In one of the stranger moments in CNN's Wednesday-night Republican debate, moderator Jake Tapper pitted Donald Trump—who is most definitely not a doctor—against retired neurosurgeon Ben Carson on the subject of Vaccines: Do They Cause Autism or Not? The answer, as Carson explained, is absolutely not. But Trump had his right of reply:
"Autism has become an epidemic. Twenty-five years ago, 35 years ago, you look at the statistics, not even close. It has gotten totally out of control," Trump said. "I am totally in favor of vaccines. But I want smaller doses over a longer period of time. Same exact amount, but you take this little beautiful baby, and you pump—I mean, it looks just like it's meant for a horse, not for a child, and we've had so many instances, people that work for me."
He added: "Just the other day, 2 years old, 2½ years old, a child, a beautiful child went to have the vaccine, and came back, and a week later got a tremendous fever, got very, very sick, now is autistic." Trump did not elaborate on whose child he was talking about.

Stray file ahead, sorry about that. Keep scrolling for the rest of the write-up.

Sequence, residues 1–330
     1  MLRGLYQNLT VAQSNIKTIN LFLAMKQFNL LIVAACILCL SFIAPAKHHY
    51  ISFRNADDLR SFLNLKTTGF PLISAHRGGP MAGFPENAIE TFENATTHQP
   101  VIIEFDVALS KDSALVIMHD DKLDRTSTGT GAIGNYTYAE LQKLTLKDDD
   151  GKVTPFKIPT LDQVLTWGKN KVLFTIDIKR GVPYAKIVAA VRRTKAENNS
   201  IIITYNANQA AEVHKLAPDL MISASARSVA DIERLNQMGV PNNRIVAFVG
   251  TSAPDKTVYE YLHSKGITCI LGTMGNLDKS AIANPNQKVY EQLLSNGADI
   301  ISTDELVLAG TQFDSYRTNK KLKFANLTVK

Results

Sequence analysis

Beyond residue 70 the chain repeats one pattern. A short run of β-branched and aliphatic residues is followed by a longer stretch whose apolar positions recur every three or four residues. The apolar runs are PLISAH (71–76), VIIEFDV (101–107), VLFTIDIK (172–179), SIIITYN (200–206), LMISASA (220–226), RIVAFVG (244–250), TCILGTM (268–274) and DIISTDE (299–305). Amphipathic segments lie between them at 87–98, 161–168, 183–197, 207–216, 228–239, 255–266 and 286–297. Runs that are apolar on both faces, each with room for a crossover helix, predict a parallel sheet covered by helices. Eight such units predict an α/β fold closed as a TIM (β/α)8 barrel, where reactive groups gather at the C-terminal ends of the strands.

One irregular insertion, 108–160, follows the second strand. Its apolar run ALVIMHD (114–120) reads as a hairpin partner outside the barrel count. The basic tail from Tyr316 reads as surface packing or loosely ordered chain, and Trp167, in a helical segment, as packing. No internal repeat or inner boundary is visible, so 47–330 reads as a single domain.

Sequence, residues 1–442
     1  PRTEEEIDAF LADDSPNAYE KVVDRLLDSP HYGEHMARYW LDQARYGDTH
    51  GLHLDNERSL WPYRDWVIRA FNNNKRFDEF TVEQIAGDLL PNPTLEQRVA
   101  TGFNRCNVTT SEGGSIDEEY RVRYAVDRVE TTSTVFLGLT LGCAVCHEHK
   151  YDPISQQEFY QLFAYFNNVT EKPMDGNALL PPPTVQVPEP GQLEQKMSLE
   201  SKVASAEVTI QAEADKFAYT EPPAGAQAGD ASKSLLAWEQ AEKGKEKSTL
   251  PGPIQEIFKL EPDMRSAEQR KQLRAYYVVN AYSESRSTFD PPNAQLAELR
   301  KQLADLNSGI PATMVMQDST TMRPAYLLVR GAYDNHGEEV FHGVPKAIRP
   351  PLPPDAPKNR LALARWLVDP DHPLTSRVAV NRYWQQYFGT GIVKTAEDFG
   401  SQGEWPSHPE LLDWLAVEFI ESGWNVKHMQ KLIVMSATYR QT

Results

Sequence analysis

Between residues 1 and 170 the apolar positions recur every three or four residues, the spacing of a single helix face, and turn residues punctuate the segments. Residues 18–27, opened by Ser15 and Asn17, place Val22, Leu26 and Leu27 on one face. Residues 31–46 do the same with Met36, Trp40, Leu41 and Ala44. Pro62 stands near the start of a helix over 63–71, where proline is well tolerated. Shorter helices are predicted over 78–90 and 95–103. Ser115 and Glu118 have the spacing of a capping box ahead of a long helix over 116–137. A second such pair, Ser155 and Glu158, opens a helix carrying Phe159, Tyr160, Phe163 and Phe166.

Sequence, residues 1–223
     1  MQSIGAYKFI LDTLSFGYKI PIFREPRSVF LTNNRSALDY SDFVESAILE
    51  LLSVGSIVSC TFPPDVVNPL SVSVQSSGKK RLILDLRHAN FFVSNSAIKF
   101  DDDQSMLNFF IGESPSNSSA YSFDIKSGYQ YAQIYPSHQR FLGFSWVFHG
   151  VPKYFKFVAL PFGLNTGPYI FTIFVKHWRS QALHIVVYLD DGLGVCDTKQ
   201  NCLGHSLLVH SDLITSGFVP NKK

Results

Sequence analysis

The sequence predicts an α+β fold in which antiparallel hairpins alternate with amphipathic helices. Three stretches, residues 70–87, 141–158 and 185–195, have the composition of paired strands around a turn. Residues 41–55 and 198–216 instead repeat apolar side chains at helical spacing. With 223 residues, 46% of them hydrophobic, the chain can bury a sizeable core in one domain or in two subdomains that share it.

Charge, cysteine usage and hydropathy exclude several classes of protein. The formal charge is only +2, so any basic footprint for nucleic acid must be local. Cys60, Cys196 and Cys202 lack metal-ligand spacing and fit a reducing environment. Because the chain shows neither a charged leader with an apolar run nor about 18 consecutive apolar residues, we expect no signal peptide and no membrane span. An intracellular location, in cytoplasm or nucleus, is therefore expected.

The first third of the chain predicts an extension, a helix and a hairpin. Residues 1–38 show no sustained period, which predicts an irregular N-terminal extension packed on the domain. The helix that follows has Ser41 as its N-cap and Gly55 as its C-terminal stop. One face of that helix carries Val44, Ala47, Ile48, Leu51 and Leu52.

Autism rates are going up, it's true, but experts have ruled out vaccines as the cause. One of the likely reasons is that diagnosis techniques are catching more cases.
Claiming that you're not opposed to vaccines, just that you want them to be safer or on a different schedule, is a common deflection technique among anti-vaccination conspiracy theorists. As Trump demonstrated, it's a way to position yourself as reasonable while still perpetuating the false belief that getting your jabs is going to destroy your brain. Meanwhile, there's no evidence that vaccines are safer if they're spaced out more—all that does is open a window to disease exposure and increase the risk that a child could miss a vaccine altogether.
Politically, the moment was a perfect summation of Donald Trump's candidacy: his ability to pair off-the-charts self-confidence with complete ignorance about whatever subject he's opining about. His fans swoon over his braggadacio and willingness to speak his mind. But when those talents are paired with an utter disregard for the facts, that kind of confidence is dangerous.